How Taxes & Roth Individual Retirement Accounts Work

Tax Benefits and Advantages of the Roth IRA

Close up on stacks of coins representing Roth IRAs.

Daniel Allan / Taxi / Getty Images 

The Setting Every Community Up for Retirement Enhancement (SECURE) Act of 2019 makes a Roth IRA even more attractive for those with eligible incomes. A Roth IRA is a type of individual retirement savings account that's similar to traditional IRAs and 401(k) plans in several ways, but with a few critical, different rules.

Advantages of Roth IRAs

Like other retirement savings plans, investment income and growth that remain held inside a Roth IRA isn't taxed as it's earned. You don't have to report interest or dividends as income on your tax return before you enter retirement and take withdrawals. There are penalties for taking money out early, which is also similar to other plans. 

What's distinctive about Roth IRA accounts is that the money can be withdrawn entirely tax-free after you retire because you've already paid taxes on your contributions at the time you earned the income you invested.

You don't get a tax deduction for contributions you make into a Roth IRA over the years as you would with a traditional IRA. The income your contributions earn isn't taxable, either. Roth IRAs present a unique tax-planning opportunity for savers and investors. 

Another advantage of a Roth is that you might be able to contribute to this type of IRA even if you're covered by a retirement plan at work. This typically isn't the case with other IRAs. 

The savings held inside a Roth IRA are tied up until you reach age 59.5, which is also the case with most other retirement accounts. Some exceptions allow you to withdraw funds earlier.

Criteria for Tax-Free Roth IRA Distributions

Funds withdrawn from a Roth IRA will be completely tax-free provided that: 

  • You take the distribution at least five years after the date you first began contributing to a Roth IRA, and after you reach 59.5 or become disabled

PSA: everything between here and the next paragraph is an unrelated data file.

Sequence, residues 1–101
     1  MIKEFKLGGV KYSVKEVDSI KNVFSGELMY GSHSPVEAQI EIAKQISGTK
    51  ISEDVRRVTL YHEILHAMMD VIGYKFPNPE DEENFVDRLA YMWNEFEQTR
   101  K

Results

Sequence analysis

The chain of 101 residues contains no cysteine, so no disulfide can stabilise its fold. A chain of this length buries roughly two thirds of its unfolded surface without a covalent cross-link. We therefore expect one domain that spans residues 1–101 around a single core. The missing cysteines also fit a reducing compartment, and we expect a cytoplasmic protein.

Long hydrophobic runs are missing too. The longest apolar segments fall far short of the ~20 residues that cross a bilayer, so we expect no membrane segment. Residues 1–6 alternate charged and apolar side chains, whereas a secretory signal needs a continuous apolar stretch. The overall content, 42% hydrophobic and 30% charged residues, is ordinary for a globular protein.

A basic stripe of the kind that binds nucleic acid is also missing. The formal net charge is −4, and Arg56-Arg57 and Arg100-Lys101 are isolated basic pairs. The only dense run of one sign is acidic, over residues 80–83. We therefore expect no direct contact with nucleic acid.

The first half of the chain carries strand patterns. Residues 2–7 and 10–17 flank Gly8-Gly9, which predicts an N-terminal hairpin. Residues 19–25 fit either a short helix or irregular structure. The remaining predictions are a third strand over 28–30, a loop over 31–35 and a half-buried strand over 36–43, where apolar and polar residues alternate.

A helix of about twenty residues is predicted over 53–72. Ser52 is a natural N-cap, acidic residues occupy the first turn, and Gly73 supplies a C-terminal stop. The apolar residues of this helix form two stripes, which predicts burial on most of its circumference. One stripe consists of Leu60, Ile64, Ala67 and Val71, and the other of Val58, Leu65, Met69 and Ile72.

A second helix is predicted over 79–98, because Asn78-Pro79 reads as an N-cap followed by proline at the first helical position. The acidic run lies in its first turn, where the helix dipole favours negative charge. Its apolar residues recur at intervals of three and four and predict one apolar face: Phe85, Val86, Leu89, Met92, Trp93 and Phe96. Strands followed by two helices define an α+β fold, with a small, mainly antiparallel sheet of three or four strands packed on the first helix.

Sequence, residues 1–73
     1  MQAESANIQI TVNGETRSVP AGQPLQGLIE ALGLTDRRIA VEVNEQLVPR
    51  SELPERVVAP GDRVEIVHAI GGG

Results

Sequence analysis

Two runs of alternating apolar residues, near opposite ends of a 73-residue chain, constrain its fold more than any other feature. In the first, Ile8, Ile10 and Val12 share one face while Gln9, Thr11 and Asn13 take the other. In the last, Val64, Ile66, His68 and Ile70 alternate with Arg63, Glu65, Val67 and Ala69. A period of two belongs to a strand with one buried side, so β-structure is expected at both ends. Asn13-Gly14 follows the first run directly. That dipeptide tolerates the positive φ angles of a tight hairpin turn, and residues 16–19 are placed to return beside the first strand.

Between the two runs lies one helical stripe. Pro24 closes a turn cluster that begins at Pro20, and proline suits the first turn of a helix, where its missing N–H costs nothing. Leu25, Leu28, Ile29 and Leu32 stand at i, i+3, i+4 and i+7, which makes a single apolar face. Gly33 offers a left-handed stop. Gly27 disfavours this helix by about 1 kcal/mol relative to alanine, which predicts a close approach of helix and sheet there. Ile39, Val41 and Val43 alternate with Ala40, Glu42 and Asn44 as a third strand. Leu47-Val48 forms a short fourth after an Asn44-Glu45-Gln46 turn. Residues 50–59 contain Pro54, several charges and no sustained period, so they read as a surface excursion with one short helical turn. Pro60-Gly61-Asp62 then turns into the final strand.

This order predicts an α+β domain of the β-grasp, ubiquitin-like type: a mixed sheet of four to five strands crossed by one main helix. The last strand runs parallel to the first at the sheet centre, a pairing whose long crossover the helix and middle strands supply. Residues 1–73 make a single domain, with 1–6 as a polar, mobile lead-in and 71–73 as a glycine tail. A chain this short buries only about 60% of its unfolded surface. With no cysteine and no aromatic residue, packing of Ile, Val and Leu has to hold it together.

• The distribution was paid to a beneficiary after your death
  • You used the money to purchase a home for the first time

These criteria make a withdrawal from a Roth IRA a "qualifying distribution" for tax-free treatment. Otherwise, an early withdrawal from a Roth IRA is subject to a 10% federal tax penalty and any earnings withdrawn would become taxable.

Tax Treatment of Non-Qualifying Distributions

Withdrawals from Roth IRA accounts that don't meet the criteria for qualifying distributions are partially taxable. Your original contribution to the Roth IRA is returned to you tax-free, but any earnings and growth will be fully taxable.

The taxable portion of the Roth withdrawal is also subject to the 10% early distribution penalty.

How Much Can You Contribute to a Roth IRA?

The maximum amount you can contribute to a Roth IRA is $6,000 annually in 2020, $7,000 if you're 50 or older. Those who are age 50 or older can contribute an additional $1,000 a year as a catch-up contribution. Unlike a traditional IRA, you can continue to contribute to a Roth IRA after age 70.5.

The limits apply to both traditional and Roth IRAs. You can contribute to both in the same year, but the combined total of your contributions can't exceed the maximum for the year. You must correct the problem by taking a corrective distribution before the due date of your tax return if you exceed the maximum.

Contribution Limits Based on Income

Roth IRAs do have some income restrictions. Your Roth IRA contribution limit can be reduced or even eliminated entirely depending on your income for the year.